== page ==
I would say that the first thing I learned is that relationships are King. No matter how fast or how busy we are, how stressful things are, we are still yoga people and we have to nurture ourselves and each other. I think that relationships are our biggest asset and I’ve learned time and time again that they are the foundation of everything.
“I think that relationships are our biggest asset and I’ve learned time and time again that they are the foundation of everything.”
I’ve learned not to take the first offer. To always negotiate, life is a compromise and negotiation is simply compromising. It’s not bad nor good. The idea is to arrive at a point that make both parties happy. I have learned to enjoy it, to not take it personal and to know that there is always a solution.
I have also learned what value is. I’ve learned how to place value and create value in the yoga space. We are in the process of collecting data and we have a lot of information about who is doing what, when and with whom. It has helped us a lot in understanding the value of our skills.
On a personal level I’ve also learned my own value. As a team leader I’ve watched myself learn how to stand for my value whether that means ending a conference call on time or making sure that I’m getting paid what I should be getting paid. It also means not being scared to speak up. It’s taken me almost 90 days to negotiate this merger. When there are 5 men 20 years my senior at the table and I’m all by myself, I have to remember my value and the value of what it is that I worked so hard to build.
“When there are 5 men 20 years my senior at the table and I’m all by myself, I have to remember my value and the value of what it is that I worked so hard to build.”
Career wise who inspires you the most ?
I’m a big Sheryl Sandberg fan and of her wonderful book “Lean in”. She’s incredibly inspiring. I’m obsessed with Michelle Obama and my latest obsession is Monique Davis. Any female character out there that is pushing the envelope to be great is an inspiration for me. And also my grandmother who his a daily inspiration, she had a lot of integrity and she believed that hard work always pays off.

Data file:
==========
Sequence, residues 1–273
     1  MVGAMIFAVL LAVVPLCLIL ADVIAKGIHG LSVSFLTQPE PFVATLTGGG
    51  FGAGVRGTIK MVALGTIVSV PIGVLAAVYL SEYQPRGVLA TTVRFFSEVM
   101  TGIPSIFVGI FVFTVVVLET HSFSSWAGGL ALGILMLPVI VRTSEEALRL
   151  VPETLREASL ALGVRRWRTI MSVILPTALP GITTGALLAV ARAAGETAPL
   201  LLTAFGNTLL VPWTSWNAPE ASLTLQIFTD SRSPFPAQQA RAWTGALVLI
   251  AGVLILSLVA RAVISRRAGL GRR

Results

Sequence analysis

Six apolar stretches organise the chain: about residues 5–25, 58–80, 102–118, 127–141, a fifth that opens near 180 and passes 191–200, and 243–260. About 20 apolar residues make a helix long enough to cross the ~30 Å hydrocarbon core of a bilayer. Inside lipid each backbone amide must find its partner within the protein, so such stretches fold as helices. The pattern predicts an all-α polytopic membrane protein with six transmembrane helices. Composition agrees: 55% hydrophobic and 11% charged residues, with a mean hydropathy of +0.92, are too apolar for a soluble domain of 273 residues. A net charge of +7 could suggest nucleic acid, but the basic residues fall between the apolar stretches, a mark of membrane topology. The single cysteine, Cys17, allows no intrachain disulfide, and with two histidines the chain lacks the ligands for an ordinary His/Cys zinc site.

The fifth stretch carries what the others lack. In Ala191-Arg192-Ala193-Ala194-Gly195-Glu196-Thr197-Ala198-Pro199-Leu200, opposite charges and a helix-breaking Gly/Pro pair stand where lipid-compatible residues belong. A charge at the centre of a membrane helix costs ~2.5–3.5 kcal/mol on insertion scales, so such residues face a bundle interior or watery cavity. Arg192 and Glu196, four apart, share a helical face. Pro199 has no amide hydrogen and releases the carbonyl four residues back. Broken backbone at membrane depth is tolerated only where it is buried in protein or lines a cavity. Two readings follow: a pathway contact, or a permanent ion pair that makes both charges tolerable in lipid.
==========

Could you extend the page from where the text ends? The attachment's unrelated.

My staff also inspires me. I’ve been blessed to have young women who are drawn to YAMA because they love yoga and want to see what they’re capable of. It’s really wonderful to watch them learn those lessons, take action and move forward.
How do you disconnect from work ?
I love art. I’ll hit museums, wander around for a while, have a glass of wine and be inspired by other people’s work and innovation. I’ll make my friends take me to the park and just lay on the grass. I also love taking baths, nothing beats a great tub and a glass of wine after a long day. And sometimes doing some home practice feels very luxurious and very private.
You talked about a merger, can you tell us more about the future plans of YAMA ?
The future of YAMA is to increase the capabilities. We have an incredible demand for our services and so we are building up the infrastructure of the company. Right now we are merging with a large firm that will give us a greater capacity to serve the yoga industry. We will be staffing up, hiring more agents and signing more teachers. We will be putting offices in other cities in a very near future and we should also have a TV show pretty soon. We have already signed with a production company to create a reality show based around YAMA and the core group of staff. It’s going to be all about women making their way in the Big Apple. It’s all so exciting and I’m looking forward to all of this.
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Image by Piotr Redlinski courtesy of Ava Taylor.